Ezekiel is the prophet of the fall of Jerusalem to the Babylonians.
As the crisis gets closer, the urgency of his prophecy becomes more intense.
He will shortly be announcing that the king of Babylon has formally invested the city of Jerusalem, as the beginning of a siege which will last
His final explanation of this event is the allegory of the two sisters, Oholah and Oholibah (ch23).
These are the names given to Samaria and Jerusalem, representing their two kingdoms.
The names mean “Her tent” and “My tent in her”. The natural interpretation, it seems to me, is that Jerusalem still holds the original Tent of
Meeting (“My tent”), while Samaria had been worshipping in her own way.
Oholah is called the elder sister. In fact Samaria the city, which was founded by Omri, was much younger than Jerusalem the city.
But the region
of Samaria, occupied by the tribes of Ephraim and Manasseh, was dominating Israel long before David was born; “Joseph is
prince among his brothers” (Deuteronomy ch33 v16).
The northern kingdom was larger than Judah and always regarded themselves as the “real” Israel.
And since the fate of the northern kingdom had been settled first, and is going to be described first, it suits the plot of the story to treat her as
the elder sister.
This allegory presents a different version of the sexual jealousy theme that was employed in ch16.
That first version was addressed to Jerusalem, as a location, and took the story back to the time before Jerusalem was incorporated into Israel-
“Your mother was a Hittite”. She was compared unfavourably with her “sisters” in Samaria and Sodom, whose abominations and sins had been less
than half her own.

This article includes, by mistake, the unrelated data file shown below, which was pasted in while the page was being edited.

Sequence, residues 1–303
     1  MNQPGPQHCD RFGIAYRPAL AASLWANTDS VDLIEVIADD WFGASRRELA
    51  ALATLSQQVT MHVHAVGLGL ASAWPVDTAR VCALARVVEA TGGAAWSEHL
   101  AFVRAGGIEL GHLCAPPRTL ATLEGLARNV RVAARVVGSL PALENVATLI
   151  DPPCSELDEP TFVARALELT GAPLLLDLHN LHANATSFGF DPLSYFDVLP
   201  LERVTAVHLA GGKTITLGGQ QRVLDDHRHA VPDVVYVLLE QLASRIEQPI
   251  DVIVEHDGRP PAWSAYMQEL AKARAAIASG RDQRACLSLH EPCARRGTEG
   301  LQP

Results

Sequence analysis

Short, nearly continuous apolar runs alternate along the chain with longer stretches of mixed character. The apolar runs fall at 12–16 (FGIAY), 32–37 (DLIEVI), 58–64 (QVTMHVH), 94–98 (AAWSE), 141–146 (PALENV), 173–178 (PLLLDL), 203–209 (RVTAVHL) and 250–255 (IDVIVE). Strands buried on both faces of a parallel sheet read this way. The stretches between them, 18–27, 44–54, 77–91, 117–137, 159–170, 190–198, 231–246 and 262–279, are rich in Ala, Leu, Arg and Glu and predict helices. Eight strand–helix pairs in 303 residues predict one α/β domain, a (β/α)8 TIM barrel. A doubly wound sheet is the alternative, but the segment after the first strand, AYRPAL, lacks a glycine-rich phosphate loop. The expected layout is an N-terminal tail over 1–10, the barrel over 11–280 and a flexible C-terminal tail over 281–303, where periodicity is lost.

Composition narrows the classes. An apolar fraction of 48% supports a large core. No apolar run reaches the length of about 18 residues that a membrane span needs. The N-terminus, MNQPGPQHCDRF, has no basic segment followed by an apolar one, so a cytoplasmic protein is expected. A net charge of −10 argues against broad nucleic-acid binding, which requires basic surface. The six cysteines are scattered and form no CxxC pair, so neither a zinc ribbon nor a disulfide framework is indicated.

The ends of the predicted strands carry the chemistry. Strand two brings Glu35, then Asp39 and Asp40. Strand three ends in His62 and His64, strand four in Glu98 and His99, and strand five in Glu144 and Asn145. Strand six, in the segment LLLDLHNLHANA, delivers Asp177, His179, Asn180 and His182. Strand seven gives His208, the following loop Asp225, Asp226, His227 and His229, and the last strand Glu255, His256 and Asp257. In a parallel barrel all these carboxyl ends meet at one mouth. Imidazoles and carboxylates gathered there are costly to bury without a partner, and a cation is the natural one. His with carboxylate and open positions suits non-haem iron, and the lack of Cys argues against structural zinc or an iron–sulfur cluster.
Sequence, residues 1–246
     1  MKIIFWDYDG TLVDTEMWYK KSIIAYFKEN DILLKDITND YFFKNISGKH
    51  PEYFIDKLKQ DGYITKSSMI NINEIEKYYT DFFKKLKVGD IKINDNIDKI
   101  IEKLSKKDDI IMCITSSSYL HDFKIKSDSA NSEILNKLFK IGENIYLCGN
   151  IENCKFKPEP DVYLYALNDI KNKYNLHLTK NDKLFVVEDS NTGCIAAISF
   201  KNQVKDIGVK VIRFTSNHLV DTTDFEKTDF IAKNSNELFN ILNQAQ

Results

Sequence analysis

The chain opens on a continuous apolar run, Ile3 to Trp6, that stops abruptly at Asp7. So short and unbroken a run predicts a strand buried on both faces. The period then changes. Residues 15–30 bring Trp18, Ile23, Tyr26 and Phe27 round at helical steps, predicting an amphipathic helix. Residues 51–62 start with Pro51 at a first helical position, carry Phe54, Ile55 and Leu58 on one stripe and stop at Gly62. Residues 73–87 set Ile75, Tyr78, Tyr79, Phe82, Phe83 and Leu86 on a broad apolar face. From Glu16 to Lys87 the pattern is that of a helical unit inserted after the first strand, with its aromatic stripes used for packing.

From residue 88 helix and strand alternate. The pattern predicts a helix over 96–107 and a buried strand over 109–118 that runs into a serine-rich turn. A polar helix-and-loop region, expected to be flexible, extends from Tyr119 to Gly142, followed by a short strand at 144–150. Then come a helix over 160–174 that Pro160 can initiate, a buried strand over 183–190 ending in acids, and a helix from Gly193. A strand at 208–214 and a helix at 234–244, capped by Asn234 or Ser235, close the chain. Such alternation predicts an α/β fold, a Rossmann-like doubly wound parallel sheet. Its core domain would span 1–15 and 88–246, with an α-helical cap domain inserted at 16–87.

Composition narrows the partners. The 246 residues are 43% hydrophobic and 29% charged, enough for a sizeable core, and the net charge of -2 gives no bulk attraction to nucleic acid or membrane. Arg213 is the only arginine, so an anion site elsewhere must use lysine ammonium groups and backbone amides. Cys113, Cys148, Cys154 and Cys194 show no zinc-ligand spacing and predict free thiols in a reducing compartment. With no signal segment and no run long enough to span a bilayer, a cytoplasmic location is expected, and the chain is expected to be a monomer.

This version is addressed to the people of Israel in their two kingdoms, taking the story back to the time when the two “sisters” were still in
Egypt, and treating them as on a level in wickedness.
Both of them “played the harlot in Egypt”. That is, these tribes were idolaters, caught up in the worship of the Egyptian gods, in the time before
Moses called them out of the land. Exodus does not talk about this, but a previous chapter in this book charges them with resisting God’s commands
to give up their idolatry, even at this early stage.
When they later became the two sister kingdoms based on Samaria and Jerusalem, they followed the same line of conduct.
Oholah is the name given to Samaria, the kingdom of Israel. She “did not give up the harlotry which she had practised since her days in Egypt”,
but “played the harlot” with the Assyrians.
This echoes the complaint made by Hosea;
“Ephraim is like a dove, silly and without sense, calling to Egypt, going to Assyria” (Hosea ch7 v11).
In the first instance, this is about looking for political alliance. That is why Oholah is portrayed as doting on the warriors and commanders of the
Assyrians, desirable young men riding horses.
The problem is that the price of alliance is religious conformity, seeking the protection of the same gods;
“She defiled herself with all the idols of everyone on whom she doted” (v7).
Therefore her abandoned husband delivered her into the hands of her lovers, who “uncovered her nakedness” by putting her people to the sword.